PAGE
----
Thursday, November 29, 2007

Commentary: Sotir: How Did I Become a Techie?

The concept of what technology is to education is often baffling to technologists and educators alike. I see myself as both, bridging the science of technology to the art of education. Of course, my career started as an educator. Technology was but a twinkle. Yes, we had the Sputnik fears and new math of the 50s and 60s, but 'technology' in schools was confined to items like filmstrips, 8mm projectors and punchcards, and of course the ubiquitous mimeograph machines (do any of you remember permanently stained purple fingers and the glorious scent of freshly printed mimeo copies?) Children, however, were basically taught as their parents were taught. Books. Blackboards. Lectures.

In the late 70s, the idea of personal computers took hold. We were fascinated as a society by the promise of computers to make work easy and efficient. Expensive calculators were all the rage, and they performed all the skills that the average 3rd or 4th grader knew: addition, subtraction, multiplication and division. Debates raged over the horror of students using calculators. Eventually, once the newness wore off, people realized that children could still learn math, despite the curse of calculators. Towards the end of the decade, the word 'computer' was buzzed around schools. Of course the 'buzz' was from the adults. Teens were already using computers they built in their basements and garages, and learning programming language on their own or at Homebrew Computer Clubs. I started to think about reshaping my career.

The 80s brought the issue of computers and education to a head. School boards were debating the value of adding them to the curriculum. Many students wanted them. Many teachers feared them. But slowly, courses such as 'keyboarding' replaced 'typing' classes. Yes, many of the keyboard classes used typing texts, but the momentum was building. It wasn't as much a revolution as an evolution. But it obviously could not be stopped. On January 3, 1983, the Personal Computer was the first non-human to be announced as Person of the Year by Time Magazine. And Apples started to reshape my career.

In the 90s we had the IBM clone companies: Compaq, HP, Gateway and Dell. Everyone wanted their own PC. Windows hit the marketplace, making Apple only a minor player. I researched the newly developing technology and wrote and developed a grant to become a 'Center of Excellence' for the Illinois Community College Board. We received the grant, and a flurry of activity ensued. We were awash in equipment. PCs and laser discs and massive (and extremely expensive) software applications. 'Media' was not enough. I requested 'multimedia'. I still remember an IT director who asked why I needed it. Sigh. I had now catapulted from a purely educational vision to an educational technology vision. I left the classroom and entered the newly created computer lab. I hired other educators who were not afraid to take on the challenge of the future. And PCs started to reshape my career.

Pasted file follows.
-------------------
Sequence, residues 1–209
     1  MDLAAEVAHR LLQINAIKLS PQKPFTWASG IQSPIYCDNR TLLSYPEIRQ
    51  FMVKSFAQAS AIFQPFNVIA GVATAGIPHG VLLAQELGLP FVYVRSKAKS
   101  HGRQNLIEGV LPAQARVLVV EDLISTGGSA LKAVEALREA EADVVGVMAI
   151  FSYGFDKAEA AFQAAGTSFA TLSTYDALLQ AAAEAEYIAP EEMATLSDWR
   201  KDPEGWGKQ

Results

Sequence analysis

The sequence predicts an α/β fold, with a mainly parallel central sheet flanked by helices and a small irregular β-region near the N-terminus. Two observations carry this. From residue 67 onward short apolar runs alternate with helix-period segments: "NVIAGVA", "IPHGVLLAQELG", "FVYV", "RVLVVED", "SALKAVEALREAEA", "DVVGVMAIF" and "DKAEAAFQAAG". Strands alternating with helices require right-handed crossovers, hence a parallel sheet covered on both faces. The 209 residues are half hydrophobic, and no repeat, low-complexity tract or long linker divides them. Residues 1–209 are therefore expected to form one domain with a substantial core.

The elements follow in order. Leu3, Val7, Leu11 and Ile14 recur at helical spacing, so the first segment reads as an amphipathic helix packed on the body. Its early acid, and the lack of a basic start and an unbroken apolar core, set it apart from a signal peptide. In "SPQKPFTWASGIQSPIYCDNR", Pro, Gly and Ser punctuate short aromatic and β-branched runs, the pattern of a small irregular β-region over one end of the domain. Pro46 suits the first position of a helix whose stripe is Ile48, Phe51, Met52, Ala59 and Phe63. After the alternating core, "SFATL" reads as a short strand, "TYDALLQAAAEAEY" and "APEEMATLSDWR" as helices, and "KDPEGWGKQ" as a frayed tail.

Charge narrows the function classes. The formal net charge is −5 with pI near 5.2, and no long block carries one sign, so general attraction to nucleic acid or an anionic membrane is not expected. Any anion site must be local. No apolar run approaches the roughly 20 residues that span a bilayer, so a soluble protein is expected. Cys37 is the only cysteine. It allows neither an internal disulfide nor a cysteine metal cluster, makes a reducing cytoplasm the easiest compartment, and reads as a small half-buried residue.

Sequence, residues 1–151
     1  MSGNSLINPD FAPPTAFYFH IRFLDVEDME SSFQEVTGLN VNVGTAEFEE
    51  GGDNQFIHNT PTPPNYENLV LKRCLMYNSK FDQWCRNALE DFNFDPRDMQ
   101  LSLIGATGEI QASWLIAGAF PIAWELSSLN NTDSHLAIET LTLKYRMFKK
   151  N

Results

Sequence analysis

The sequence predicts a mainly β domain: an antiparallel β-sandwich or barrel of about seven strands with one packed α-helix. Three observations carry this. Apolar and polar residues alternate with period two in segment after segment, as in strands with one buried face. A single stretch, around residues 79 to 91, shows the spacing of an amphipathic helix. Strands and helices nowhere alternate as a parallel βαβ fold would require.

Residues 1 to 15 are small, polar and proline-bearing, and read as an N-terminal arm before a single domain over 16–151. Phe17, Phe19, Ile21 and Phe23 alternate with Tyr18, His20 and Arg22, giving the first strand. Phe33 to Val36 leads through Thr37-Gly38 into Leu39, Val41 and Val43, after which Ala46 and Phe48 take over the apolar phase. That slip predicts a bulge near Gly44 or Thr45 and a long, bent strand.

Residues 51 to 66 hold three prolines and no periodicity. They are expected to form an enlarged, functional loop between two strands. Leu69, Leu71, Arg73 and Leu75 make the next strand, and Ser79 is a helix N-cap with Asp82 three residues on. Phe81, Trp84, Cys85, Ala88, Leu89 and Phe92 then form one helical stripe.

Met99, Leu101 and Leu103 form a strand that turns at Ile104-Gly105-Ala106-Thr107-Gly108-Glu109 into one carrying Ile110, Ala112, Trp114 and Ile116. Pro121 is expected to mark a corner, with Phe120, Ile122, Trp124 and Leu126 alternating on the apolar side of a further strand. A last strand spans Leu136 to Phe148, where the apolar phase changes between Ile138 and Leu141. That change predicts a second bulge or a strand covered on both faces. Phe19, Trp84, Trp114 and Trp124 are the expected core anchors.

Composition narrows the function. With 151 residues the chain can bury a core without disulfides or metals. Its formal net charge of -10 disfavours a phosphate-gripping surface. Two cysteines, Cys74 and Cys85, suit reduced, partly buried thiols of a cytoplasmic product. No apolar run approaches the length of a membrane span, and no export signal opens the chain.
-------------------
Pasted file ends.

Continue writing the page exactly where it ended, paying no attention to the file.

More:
By the mid 90s, hardware was was losing ground to the Internet. I had used the Internet for a while, in the form of a BBS (Bulletin Board System). I didn't really know what it was in the early 90s, and needed my daughter's boyfriend to explain it to me, set it up and answer the thousands of questions I had. My languages of comfort were more that of Shakespeare and Middle English, not programming languages. But slowly I developed a respect for them, and could upload to my BBS page with some ease. And the Internet started to reshape my career.

The late 90s saw the WWW take hold. The cumbersome language of BBS was but a memory, blurred by the rapidly developing Web. We developed Web pages. More programming issues. By now, I knew enough about programming to get the job done, but just enough. I never lost the focus of what I wanted technology to do, which is to help students learn. And the WWW started to reshape my career.

We survived the Y2K crisis without ever looking back. While hardware dominated the 80s and software the 90s, the 2000s are all about the Web. I became the queen of Blogs and later Wikis. I look at my lab today, and see that we still have a lot of software integrated into our curriculum, but the focus is moving more towards the Web. Web 2.0 draws us into and further defines the art of education. My new favorite language includes words such as Gabcasts and Mojitis, Twitters and Wikis, Hotlists and Blogs. And for the record, while I haven't abandoned PCs, I am back to my old Apple roots. They're just easier to use when working in the 2.0 environment.

I never set out to be a technologist. I just like to teach, and like to define the process of teaching. I'm not sure how I got to where I am, but I am quite pleased with how it turned out. Along the way, my staff and I learned together. I am thrilled that their passion matches mine, even if it is a click or two behind. I revel in the 'collective intelligence' that reigns supreme in the AELC. We've proven that technology and education can coexist elegantly. And we'll always be experimenting and learning.